The Trap Bar Deadlift

I’d first read up on the Trap Bar Deadlift in Stuart McRobert’s 1991 Hardgainer bible, Brawn, back in 2010. It’d been listed by him as a possible Deadlift variation. The Trap Bar, designed by Al Gerard, is a rhombus shaped bar, fixed to two plate loaded ends. It’s purpose was and is to make the Deadlift movement safer and more comfortable when handling relatively heavy weights. Also, the bar has two sets of handles; there are two high handles, parallel to each other on the bar. You can also flip the bar over and pull using the bases of the handles. Some bars also come in a hexagonal shape.

It should be noted, however, that the Trap Bar was named after the Trapezius muscles in the upper body. In fact Paul Kelso wrote a whole book on how to perform trap exercises using the Trap Bar. But for the sake of this article we will only be discussing the Trap Bar Deadlift.

Simply flip the bar over if you wish to use it’s low handles.

Some benefits of this incredible bar include:

  • Greatly mitigates stress on the lumbar spine
  • High handles for those with limited hip range of motion (ROM)
  • The parallel direction eliminates the need for a mixed grip
  • Reduced anterior deltoid stress
  • More stimulus on the quads, glutes, and abs.
  • You will see an increase in both your size as well as your strength – best of both worlds!

As you can see above, the Trap Bar Deadlift, while still a hip hinge exercise, can force your body to adapt to new stimuli, all while protecting key areas from a potential injury if you’re already headed in that direction. More on that later. Here’s how to properly perform the Trap Bar Deadlift using the bar’s high handles.

  • Step inside the bar
  • Brace your core as if you were performing a traditional Deadlift
  • Grabbing the handles, lift your chest up and keep your spine neutral
  • Push from the floor as if you’re performing a leg press
  • Exhale at the top, inhale again and smoothly bring the bar down
You might find it easier to maintain a neutral spine with the Trap Bar Deadlift as opposed to a traditional Deadlift bar.

Much like a traditional Deadlift, where your shoulders land after you straighten your back out will determine where your hips land during the set up. While this exercise does come off as more of a squat since your quads are targeted more than your hamstrings, never force your hips to go lower than they are. This even goes for if you chose to pull with the low handles, which will emulate the traditional pull a little more due to the lower leverage. And while this is a fantastic Deadlift variation, don’t think it doesn’t come with some cons.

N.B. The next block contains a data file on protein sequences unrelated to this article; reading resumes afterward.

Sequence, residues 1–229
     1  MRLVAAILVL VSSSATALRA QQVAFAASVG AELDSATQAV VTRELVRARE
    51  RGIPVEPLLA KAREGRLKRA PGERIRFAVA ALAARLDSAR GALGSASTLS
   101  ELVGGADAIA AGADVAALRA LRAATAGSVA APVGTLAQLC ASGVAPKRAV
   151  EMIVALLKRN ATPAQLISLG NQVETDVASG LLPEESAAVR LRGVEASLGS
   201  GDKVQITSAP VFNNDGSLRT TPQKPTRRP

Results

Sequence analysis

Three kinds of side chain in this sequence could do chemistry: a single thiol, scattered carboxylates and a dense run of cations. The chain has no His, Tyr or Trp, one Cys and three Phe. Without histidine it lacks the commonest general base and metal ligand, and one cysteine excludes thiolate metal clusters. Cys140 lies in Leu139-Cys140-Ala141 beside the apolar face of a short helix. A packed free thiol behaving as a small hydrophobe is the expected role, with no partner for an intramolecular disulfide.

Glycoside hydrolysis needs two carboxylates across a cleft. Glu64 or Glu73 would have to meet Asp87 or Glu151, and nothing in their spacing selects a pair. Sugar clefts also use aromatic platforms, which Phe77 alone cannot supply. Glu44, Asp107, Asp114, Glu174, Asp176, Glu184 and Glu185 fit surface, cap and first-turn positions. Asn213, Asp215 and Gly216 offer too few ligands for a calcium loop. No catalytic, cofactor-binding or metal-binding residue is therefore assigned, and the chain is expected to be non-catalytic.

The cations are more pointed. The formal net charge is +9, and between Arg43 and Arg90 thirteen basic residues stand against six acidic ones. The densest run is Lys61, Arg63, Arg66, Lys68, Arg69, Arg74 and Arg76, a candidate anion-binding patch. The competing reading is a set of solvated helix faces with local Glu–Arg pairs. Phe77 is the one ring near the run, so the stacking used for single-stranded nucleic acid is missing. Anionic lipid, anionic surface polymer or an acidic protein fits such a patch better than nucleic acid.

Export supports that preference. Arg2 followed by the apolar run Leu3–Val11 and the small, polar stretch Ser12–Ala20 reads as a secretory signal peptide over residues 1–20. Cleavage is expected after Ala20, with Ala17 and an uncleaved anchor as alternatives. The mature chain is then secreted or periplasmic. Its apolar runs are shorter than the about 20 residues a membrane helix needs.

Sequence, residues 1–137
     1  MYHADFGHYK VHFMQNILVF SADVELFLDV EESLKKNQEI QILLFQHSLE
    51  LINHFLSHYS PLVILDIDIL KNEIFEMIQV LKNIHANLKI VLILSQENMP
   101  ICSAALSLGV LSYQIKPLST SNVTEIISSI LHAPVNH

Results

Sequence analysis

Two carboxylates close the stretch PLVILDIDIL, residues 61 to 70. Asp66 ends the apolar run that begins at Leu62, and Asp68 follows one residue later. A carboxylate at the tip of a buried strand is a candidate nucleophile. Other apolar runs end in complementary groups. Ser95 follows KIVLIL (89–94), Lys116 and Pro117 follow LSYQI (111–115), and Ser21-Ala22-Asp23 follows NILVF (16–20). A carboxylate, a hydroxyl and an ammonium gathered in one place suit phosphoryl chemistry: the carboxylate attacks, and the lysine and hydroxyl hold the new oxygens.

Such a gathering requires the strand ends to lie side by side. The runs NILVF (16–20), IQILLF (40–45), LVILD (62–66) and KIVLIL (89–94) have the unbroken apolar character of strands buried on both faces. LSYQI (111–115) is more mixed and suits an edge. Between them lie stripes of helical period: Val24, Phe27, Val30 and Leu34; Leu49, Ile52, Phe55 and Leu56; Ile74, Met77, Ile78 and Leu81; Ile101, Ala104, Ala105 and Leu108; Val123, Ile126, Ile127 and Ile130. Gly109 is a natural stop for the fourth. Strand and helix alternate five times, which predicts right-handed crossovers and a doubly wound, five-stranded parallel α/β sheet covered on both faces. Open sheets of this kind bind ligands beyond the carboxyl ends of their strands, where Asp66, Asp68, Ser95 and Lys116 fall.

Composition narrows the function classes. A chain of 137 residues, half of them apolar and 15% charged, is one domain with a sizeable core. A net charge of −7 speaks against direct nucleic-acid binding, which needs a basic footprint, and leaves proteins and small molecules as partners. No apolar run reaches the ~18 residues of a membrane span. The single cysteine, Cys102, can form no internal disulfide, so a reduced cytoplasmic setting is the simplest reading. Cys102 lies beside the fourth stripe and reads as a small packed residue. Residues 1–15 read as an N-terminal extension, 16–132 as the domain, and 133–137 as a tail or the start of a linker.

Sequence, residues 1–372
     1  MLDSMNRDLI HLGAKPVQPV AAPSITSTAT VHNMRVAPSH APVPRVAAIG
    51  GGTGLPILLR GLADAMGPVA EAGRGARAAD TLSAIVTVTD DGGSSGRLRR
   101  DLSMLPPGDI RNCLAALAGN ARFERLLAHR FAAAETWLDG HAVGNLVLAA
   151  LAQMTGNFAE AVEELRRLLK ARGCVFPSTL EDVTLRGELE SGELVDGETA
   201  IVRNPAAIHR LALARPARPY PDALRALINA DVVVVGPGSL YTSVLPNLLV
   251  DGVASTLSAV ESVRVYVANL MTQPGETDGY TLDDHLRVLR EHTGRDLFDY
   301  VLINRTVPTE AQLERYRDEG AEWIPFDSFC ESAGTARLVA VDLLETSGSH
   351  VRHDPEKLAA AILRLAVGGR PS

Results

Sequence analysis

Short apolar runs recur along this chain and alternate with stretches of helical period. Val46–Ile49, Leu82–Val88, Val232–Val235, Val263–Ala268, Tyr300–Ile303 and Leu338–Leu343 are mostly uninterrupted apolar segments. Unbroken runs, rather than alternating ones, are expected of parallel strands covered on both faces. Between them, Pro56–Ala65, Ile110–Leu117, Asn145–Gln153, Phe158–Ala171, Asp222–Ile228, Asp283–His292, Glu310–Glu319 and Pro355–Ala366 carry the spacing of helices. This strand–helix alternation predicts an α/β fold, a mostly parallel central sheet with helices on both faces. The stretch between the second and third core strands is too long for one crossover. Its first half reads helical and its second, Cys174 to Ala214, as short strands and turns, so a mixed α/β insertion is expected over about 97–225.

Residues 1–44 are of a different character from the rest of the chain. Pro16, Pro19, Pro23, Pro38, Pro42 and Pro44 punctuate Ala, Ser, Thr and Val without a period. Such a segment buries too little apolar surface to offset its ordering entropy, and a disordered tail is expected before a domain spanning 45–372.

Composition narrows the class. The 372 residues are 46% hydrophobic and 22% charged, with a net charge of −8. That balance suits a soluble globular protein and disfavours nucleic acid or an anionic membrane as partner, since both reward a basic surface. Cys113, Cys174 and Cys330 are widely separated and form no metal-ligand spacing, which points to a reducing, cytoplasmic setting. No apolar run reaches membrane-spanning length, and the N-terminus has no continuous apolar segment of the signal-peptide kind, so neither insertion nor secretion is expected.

• Grip Problems – the handles on the trap bars tend to be on the thinner side. Upon performing this move for the first time early last year, I found out the hard way just how easy it is to really tear the skin off your palms. If you have this problem then make sure to put a generous amount of chalk on your palms before gripping the bar.
  • Limited Weight – I’d asked my Instagram followers just a few days ago to tell offer their views on the Trap Bar Deadlift. One follower made the incredibly insightful statement that, while he found it to be his 2nd best accessory lift for the traditional pull, the biggest downside is that most commercial gym trap bars “cap out at 405”. Sadly this is very true, and even the bars in some hardcore gyms are the same.

Upon my first use of the bar early last year, I did so to give my anterior delts a much needed break, as well as provide a new stimulus to my quads. Shortly before the gyms shut down my quads were measured at 24 1/4 inches, a quarter of an inch thicker than they were three weeks before that measurement, and I know I have the Trap Bar Deadlift, along with other lower body accessories to thank for it. I started using it again seven weeks ago because I had just come back from a TFL (Tensor Fascia Latae) strain and wanted as little pressure on my lower back and sacrum as possible.

I highly recommend use of the Trap Bar for those who are either recovering from an injury or trying to prevent one from occurring, those who are training for the military, as it’s now a staple of their fitness assessment, and just about anyone looking for something different on their journey to overall size and strength, regardless of your goals. In fact, if you’re a Strongman competitor you can definitely use the Trap Bar to perform farmer carries!

Do you perform the Trap Bar Deadlift in your routine? Why? What are your goals? Tell me in the comments!

Works Cited:

McRobert, Stuart. (1991). Brawn. Nicosia, Cyprus. CS Publishing Ltd.

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